Lochranza Castle dates from the 13th century when it was owned by the MacSweens. In 1262, King Alexander III granted the castle and its lands to Walter Stewart, the Earl of Menteith. It is believed that Robert the Bruce landed at Lochranza in 1306 on his return from Ireland to claim the Scottish throne. By 1371, the castle was the property of Robert II. It is thought that at this time it was used as a royal hunting lodge.
During the 1490s, James IV used the castle in his campaign against the Lord of the Isles and the Clan MacDonald. In 1614 it was occupied by James VI and in the 1650s it was used by Cromwell. By 1705, Lochranza Castle was the property of the Hamilton family, after it was purchased by the Duchess of Hamilton. The Hamiltons had owned other estates on the Isle of Arran so eventually sold it to the Blackwood-Davidson family who used it as their principal seat. During the 18th century, the castle fell into disuse and was abandoned. The castle is now in the care of Historic Scotland.References:
The Seaplane Harbour is the newest and one of the most exciting museums in Tallinn. It tells stories about the Estonian maritime and military history. The museum’s display, that comprises of more than a couple of hundred large exhibits, revitalizes the colourful history of Estonia.
British built submarine Lembit weighing 600 tones is the centrepiece of the new museum. Built in 1936 for the Estonian navy, Lembit served in the World War II under the Soviet flag. It remained in service for 75 years being the oldest submarine in the World still in use until it was hauled ashore in 2011. Despite its long history, Lembit is still in an excellent condition offering a glimpse of the 1930s art of technology.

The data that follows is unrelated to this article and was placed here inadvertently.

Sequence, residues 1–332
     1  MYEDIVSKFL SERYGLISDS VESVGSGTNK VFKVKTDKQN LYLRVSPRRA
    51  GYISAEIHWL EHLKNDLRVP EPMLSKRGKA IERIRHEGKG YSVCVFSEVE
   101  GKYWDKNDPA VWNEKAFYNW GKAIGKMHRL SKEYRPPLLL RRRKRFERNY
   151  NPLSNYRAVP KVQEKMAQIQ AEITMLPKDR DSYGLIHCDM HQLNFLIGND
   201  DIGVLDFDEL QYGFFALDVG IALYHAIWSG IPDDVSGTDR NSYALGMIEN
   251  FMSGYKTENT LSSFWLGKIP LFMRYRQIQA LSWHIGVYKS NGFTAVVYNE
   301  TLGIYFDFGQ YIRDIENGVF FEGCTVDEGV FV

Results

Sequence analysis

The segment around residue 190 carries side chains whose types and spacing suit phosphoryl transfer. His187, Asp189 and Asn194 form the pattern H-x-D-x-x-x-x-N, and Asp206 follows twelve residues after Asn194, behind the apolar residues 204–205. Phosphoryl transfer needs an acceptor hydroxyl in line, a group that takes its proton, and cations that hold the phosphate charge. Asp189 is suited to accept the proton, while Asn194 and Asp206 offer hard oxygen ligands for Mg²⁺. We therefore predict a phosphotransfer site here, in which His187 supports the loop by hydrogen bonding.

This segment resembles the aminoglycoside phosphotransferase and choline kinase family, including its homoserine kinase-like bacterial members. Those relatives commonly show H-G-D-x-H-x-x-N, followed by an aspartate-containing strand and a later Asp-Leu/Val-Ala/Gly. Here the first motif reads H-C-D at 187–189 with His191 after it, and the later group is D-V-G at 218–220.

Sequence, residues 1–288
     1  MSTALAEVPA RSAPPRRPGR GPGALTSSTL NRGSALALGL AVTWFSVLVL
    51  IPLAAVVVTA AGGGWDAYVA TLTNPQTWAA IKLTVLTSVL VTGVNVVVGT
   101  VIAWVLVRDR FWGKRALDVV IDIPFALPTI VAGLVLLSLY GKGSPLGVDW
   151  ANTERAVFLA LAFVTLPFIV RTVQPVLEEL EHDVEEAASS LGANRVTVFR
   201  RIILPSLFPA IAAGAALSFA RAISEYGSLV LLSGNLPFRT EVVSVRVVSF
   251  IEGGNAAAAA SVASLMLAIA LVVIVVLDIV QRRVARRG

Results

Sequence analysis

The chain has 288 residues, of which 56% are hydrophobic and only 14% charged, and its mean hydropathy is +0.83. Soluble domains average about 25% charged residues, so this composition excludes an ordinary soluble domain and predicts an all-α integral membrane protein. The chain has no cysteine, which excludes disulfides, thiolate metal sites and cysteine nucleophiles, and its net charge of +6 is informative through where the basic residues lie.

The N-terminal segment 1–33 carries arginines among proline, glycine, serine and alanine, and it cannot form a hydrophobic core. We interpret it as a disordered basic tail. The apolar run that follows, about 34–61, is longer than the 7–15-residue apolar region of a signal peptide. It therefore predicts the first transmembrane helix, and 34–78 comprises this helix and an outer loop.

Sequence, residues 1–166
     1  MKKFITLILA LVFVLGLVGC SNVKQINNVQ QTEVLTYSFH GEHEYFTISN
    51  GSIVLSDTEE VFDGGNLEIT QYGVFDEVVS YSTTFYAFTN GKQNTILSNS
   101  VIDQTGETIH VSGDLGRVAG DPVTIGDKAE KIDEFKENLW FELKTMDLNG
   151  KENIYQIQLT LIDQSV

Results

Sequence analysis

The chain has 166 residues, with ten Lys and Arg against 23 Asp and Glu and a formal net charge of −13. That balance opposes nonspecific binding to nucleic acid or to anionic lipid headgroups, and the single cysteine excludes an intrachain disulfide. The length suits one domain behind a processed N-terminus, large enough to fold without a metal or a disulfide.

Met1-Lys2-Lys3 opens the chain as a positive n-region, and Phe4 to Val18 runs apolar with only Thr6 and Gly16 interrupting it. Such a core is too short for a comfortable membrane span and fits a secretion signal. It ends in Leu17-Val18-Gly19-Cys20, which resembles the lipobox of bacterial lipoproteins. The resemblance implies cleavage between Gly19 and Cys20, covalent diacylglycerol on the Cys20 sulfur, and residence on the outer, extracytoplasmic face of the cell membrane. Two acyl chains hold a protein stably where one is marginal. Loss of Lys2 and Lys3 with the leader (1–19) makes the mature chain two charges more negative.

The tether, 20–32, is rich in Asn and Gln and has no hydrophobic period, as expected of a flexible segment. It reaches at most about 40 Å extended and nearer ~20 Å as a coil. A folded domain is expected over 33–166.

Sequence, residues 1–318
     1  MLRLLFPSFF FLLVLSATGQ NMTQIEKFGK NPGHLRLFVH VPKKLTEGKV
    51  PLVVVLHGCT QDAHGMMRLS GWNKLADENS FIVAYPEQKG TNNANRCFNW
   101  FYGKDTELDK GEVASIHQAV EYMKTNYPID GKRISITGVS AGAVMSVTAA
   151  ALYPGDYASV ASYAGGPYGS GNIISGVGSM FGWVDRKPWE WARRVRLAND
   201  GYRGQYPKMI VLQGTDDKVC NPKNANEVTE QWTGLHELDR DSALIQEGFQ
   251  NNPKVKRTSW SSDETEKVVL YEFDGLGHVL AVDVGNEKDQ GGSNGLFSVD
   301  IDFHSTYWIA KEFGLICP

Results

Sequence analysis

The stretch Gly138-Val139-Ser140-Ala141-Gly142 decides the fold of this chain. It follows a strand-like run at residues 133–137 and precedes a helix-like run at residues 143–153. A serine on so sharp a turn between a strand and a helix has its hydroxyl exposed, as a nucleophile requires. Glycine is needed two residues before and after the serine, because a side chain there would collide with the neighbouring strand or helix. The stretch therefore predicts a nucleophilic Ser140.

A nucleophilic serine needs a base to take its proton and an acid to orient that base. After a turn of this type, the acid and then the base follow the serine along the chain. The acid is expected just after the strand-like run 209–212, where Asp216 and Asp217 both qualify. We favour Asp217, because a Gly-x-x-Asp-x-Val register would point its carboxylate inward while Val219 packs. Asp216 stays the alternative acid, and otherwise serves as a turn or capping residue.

Another exciting attraction is a full-scale replica of Short Type 184, a British pre-World War II seaplane, which was also used by the Estonian armed forces. Short Type 184 has earned its place in military history by being the first aircraft ever to attack an enemy’s ship with an air-launched torpedo. Since none of the original seaplanes have survived, the replica in Seaplane Harbour is the only full-size representation of the aircraft in the whole World.
Simulators mimicking a flight above Tallinn, around-the-world journey in the yellow submarine, navigating on the Tallinn bay make this museum heaven for kids or adventurous adults.
Seaplane Harbour operates in architecturally unique hangars built almost a century ago, in 1916 and 1917, as a part of Peter the Great sea fortress. These hangars are the World’s first reinforced concrete shell structures of such a great size. Charles Lindbergh, the man who performed the first solo flight across the Atlantic Ocean, landed here in 1930s.
On the outdoor area visitors can tour a collection of historic ships, including the Suur Tõll, Europe's largest steam-powered icebreaker.